Foot Orthotics for Runners

Runners  and patients in general have the most problems with either an arch that is too high and rigid or an arch that is too flexible and flat.

In the rigid high arch foot the ground reactive forces are not handled well. They are generally but not always supinators in their walking and running gait. This leads to more shock transmission into the foot, ankle knee, hip and back  joints and soft tissue compartments. Often these runners develop shins splints on the outside leg muscles. Planter fasciitis can develop because of the tight arch.

In the flat flexible foot there is not good medial column support so forces  tend to affect The  inside or medial foot structures like the posterior tibial tendon in and medial shin splints. It is very common to have medial foot pain on the bottom inside of the heel associated with plantar fasciitis. Sometimes patients will ask me why are they are not considered supinating if they wear the outside of the heel of the shoe but the strike on the outside is because they pronate or roll in too much and are compensating with the outside he’ll strike pattern.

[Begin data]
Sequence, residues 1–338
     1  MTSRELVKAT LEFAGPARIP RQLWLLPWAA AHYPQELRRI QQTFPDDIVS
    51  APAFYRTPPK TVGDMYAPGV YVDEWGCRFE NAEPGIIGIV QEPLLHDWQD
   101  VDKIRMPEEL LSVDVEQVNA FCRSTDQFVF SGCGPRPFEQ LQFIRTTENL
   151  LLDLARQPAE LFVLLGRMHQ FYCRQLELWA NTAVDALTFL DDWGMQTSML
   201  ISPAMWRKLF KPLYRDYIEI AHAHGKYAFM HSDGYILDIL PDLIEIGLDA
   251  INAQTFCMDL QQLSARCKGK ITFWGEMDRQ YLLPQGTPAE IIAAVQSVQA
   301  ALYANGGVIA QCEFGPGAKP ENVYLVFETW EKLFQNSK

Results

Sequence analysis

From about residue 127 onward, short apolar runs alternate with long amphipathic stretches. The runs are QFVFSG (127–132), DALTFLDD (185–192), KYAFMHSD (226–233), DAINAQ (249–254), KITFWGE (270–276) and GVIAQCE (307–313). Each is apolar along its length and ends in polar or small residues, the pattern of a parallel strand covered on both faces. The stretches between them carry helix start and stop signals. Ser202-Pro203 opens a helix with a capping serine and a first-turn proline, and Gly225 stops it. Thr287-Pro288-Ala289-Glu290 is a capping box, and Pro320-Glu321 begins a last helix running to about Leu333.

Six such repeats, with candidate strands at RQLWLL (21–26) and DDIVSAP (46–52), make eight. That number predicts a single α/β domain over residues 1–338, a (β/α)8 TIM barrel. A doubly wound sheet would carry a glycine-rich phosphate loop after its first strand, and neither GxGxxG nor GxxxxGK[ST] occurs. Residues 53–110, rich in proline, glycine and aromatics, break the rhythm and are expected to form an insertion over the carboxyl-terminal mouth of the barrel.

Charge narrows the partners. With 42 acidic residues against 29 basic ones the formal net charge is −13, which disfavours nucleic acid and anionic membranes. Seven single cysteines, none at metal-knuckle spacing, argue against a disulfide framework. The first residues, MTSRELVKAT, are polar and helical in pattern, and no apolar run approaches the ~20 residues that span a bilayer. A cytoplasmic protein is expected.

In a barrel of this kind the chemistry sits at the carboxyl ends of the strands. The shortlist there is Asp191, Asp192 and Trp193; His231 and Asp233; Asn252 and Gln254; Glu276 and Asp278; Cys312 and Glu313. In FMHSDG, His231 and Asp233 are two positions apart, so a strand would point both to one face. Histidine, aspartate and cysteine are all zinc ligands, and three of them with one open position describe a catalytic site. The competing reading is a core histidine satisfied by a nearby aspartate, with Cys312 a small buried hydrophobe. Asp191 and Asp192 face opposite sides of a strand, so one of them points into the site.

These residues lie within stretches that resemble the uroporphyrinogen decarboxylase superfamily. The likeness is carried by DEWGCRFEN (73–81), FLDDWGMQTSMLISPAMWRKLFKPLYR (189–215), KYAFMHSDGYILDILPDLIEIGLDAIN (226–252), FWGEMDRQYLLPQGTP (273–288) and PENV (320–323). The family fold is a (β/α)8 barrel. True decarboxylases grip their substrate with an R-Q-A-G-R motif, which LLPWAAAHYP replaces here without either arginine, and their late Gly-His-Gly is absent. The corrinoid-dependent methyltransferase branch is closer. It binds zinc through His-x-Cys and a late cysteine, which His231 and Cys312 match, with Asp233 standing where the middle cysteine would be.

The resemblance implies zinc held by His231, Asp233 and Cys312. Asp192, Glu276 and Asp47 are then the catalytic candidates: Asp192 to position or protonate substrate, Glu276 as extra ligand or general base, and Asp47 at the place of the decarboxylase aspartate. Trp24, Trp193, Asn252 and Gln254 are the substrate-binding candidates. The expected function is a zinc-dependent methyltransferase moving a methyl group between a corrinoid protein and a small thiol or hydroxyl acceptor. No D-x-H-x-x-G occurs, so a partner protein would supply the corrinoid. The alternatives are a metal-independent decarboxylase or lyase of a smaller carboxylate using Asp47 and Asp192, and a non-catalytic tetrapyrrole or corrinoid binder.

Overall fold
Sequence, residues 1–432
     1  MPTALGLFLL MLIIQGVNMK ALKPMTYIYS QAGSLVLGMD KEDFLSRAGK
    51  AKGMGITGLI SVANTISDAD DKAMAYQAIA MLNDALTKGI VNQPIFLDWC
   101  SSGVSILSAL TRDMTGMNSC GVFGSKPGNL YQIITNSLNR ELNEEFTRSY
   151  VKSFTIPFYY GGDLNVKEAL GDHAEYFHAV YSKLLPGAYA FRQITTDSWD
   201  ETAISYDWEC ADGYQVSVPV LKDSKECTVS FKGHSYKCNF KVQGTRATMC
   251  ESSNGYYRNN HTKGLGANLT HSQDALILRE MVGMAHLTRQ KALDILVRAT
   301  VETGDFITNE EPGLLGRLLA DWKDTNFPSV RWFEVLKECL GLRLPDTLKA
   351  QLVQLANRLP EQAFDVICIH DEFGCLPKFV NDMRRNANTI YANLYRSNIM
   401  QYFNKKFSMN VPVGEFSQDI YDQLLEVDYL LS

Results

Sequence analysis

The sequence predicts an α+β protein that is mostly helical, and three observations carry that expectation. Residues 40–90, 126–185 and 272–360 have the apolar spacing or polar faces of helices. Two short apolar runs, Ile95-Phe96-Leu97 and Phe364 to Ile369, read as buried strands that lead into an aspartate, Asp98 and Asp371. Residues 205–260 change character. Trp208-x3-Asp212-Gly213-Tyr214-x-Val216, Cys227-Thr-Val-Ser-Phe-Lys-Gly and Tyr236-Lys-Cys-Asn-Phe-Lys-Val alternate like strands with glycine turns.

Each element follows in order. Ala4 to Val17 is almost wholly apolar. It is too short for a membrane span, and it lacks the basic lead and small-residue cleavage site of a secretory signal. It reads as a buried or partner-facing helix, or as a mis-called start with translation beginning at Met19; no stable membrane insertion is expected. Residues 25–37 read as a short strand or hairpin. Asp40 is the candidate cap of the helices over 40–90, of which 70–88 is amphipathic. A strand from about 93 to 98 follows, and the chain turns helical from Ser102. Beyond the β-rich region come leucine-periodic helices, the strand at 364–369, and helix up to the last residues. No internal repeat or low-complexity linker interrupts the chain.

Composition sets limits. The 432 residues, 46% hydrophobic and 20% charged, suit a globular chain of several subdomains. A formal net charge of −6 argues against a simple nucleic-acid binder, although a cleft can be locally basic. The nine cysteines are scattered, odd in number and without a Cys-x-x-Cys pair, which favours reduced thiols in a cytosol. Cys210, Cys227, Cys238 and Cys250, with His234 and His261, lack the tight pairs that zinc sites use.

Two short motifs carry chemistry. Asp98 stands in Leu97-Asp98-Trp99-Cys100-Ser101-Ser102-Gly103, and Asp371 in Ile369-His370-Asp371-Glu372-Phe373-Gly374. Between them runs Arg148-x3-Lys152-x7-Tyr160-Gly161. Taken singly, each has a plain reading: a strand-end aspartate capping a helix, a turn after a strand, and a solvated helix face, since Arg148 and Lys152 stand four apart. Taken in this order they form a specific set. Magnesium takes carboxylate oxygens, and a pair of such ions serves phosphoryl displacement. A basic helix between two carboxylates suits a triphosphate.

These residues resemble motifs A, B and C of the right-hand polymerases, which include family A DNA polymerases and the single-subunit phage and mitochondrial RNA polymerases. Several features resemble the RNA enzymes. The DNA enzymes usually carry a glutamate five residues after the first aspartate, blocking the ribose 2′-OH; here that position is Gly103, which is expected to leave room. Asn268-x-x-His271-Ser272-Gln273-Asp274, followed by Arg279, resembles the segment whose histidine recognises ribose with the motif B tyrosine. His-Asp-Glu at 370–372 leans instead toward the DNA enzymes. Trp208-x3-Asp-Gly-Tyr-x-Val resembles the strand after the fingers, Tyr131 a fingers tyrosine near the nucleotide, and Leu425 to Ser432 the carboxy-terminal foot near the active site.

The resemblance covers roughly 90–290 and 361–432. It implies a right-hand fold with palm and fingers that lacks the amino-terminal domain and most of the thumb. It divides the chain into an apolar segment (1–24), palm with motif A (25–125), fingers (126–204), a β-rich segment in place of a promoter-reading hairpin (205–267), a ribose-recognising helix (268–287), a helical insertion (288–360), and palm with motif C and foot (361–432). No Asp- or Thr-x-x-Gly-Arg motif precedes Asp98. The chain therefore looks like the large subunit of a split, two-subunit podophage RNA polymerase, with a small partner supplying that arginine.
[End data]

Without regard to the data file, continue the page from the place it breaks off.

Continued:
Foot orthotics are generally designed differently for these two types of situations.

Good running orthotics have an extra deep heel cup to hold the foot in a corrected position. In the real flatfoot I try to use slightly stiffer materials because we are trying to hold up an arch that might also be associated with someone that is in the middle weight or heavy weight category. At Arlington foot and ankle we design soft cut outs and pressure spots like right under the heel or under the forefoot if there is an associated neuroma or painful metatarsal. A rigid  foot often requires a a softer slightly more accommodative orthotic that can help open to dampen the shock. These are general rules however. Runners and patients are like Goldilocks and the three bears choosing  The  orthotics materials that feel just right underfoot.

Dr. Pearl has extensive training and biomechanics spending over 10 years participating in a biomechanics lab at the National  Institutes of Health and his ongoing education in running clinics. You can schedule an appointment with Dr. Pearl for your specific needs at 703-516–9408.